Among many possible variables, successful increase in mass and size of muscles (hypertrophy) requires adequate training stimulus, availability of nutrients, such as amino acids, and hormones. Muscles adapt to physical stress from resistance training by a variety of changing parameters including both structural and functional properties. Muscle fibers not only possess different histochemical, biochemical, morphological, and physiologic characteristics but also respond differently to applied training stimulus.

Several fiber types classification systems have been proposed in recent years. The most commonly used in fitness and exercise is the division into types I, IIA, and IIB. Fibers type I (red) are slow-twitch, they are usually thinner and have larger amount of myoglobin and capillary content due to their higher oxidative capacity. These fibers are predominantly involved in endurance low intensity and prolonged exercises. Fibers type II (white) are fast-twitch, they are thicker and stronger. Myosin ATPase hydrolysis rates in human muscle for fibers of type II are 2 to 3 times greater than those of type I. These fibers are predominantly involved in strength, power, and explosive exercises. They exhibit less endurance but are more susceptible to hypertrophy in resistance training. Muscle fibers can convert from one type to another, usually in the direction from 1 to II. With aging, muscle atrophy affects both fiber types but type II fibers are affected to a greater extend, which results in slower contractile properties of the muscles of older people. Thicker and more susceptible for hypertrophy fast-twitch muscle fibers represent a large component of lean body mass, which can be altered using proper dietary and training approaches. The primary target of the inventive fitness method is the development of fast-twitch muscle fibers using high intensity training protocols.

In resistance training, critical stimulus to turn on protein synthesis for the muscle hypertrophy is believed to rely on the magnitude of the applied stress. Enhancing the acute quality of the resistance training stimulus has been extensively investigated. To achieve muscle growth, two major general resistance training approaches can be divided into volume-based and intensity-based. Both approaches proved their effectiveness both in scientific research investigations and in bodybuilding practices used by elite athletes.

Resistance training volume is usually defined as a summation of the working load based on number of sets, repetitions, and the amount of weight lifted. While increase in volume and/or intensity positively correlates with stimulation of muscle growth, such parameters as training monotony and strain indicate deterioration of effectiveness of training processes. These phenomena are mostly common in volume-based training approaches.

Most of bodybuilding multi-set training sessions are monotonous, and overtraining is a common problem. Although research shows that multiple sets have some advantages in providing higher training volumes associated with such parameters as increased capillarization and connective tissue development and greater release of anabolic hormones, traditional high volume approach has its drawbacks.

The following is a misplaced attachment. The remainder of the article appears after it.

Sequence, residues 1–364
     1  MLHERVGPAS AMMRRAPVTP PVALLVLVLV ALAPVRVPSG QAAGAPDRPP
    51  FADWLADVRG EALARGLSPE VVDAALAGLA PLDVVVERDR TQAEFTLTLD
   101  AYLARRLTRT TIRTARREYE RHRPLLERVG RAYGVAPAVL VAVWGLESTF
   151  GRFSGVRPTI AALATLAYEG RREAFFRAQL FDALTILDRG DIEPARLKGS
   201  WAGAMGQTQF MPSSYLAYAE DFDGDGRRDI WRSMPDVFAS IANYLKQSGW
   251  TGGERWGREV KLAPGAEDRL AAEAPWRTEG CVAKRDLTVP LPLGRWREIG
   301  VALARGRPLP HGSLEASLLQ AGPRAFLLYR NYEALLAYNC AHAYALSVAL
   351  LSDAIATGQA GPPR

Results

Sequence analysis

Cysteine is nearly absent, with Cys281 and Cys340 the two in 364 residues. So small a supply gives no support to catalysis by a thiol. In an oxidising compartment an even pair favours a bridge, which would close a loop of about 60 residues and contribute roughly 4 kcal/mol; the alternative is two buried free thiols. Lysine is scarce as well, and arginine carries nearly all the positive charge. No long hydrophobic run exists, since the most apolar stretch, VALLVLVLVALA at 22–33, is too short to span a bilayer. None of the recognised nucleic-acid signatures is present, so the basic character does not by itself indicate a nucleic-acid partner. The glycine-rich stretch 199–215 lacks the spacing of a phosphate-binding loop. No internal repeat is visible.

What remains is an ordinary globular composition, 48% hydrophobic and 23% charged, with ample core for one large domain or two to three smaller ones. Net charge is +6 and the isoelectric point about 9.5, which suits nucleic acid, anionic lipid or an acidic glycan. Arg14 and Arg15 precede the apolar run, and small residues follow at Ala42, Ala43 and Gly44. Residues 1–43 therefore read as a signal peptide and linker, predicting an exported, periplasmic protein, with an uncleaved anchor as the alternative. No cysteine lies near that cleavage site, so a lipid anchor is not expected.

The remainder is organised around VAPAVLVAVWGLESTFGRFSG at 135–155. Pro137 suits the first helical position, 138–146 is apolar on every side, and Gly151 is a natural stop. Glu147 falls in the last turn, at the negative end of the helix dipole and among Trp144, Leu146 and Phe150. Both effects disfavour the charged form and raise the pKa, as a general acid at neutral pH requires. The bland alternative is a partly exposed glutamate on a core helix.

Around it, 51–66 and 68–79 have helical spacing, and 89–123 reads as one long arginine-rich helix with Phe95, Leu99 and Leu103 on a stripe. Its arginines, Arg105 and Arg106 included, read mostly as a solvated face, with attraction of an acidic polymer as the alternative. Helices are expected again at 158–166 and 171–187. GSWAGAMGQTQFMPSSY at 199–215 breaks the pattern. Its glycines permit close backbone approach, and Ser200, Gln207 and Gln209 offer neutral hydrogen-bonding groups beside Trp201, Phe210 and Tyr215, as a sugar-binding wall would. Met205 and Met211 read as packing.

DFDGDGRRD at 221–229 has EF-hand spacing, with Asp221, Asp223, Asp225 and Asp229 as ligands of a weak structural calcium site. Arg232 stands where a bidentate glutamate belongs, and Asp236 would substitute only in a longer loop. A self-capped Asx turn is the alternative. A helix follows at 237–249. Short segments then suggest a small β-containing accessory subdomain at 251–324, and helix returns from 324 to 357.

On average, volume-based training practiced by bodybuilders leads to abnormally high percentage of slow-twitch fibers and thinner muscle fibers as compared to other strength sports. Longer high volume training sessions can also lead to excessive release of catabolic hormones, such as cortisol, monotony, and strain leading to muscle damage and overtraining.

Resistance training intensity is a measure of how hard the exercises is perceived by an exerciser. Intensity of resistance training can be defined as the magnitude of the load used or the rate of work performed. Relative training intensity is often measured as the percentage of the 1 RM used in an exercise. These values can be easily measured for most exercises and represent a very useful measurement tool. Currently, the approach of measuring training intensity as rating of perceived exertion (RPE), a fifteen-category scale on the basis of how hard the exercise was perceived by an athlete, is widely accepted. It has been extensively investigated and has been shown to correlate well with intensity of effort. RPE has also been shown to be related to the percentage of 1 RM.

It has been shown that training protocols with heavier loads even with fewer number of repetitions performed produced higher RPE measurements. Numerous studies have shown that exercise intensity influences RPE to a greater extend as compared to the training volume. When the training volume is held constant, performing few repetitions with heavier weights provide greater gains in strength, while perceived as being more difficult as compared to using lighter weights for more repetitions.

Numerous high-intensity resistance exercise methods have been developed by bodybuilders and fitness enthusiasts. Usually higher intensity is achieved using the following methods: 1. training to failure, 2. reducing rest periods, 3. changing speed of performing exercises, 4. recruitment of different fiber types, 5. combination of two or more exercises for the same muscle group. While training to concentric failure is believed to provide the highest stimulus for muscle adaptation and growth, achieving training to failure in every set in a multi-set training session is almost impossible due to rapid accumulation of lactic acid and slow recovery times.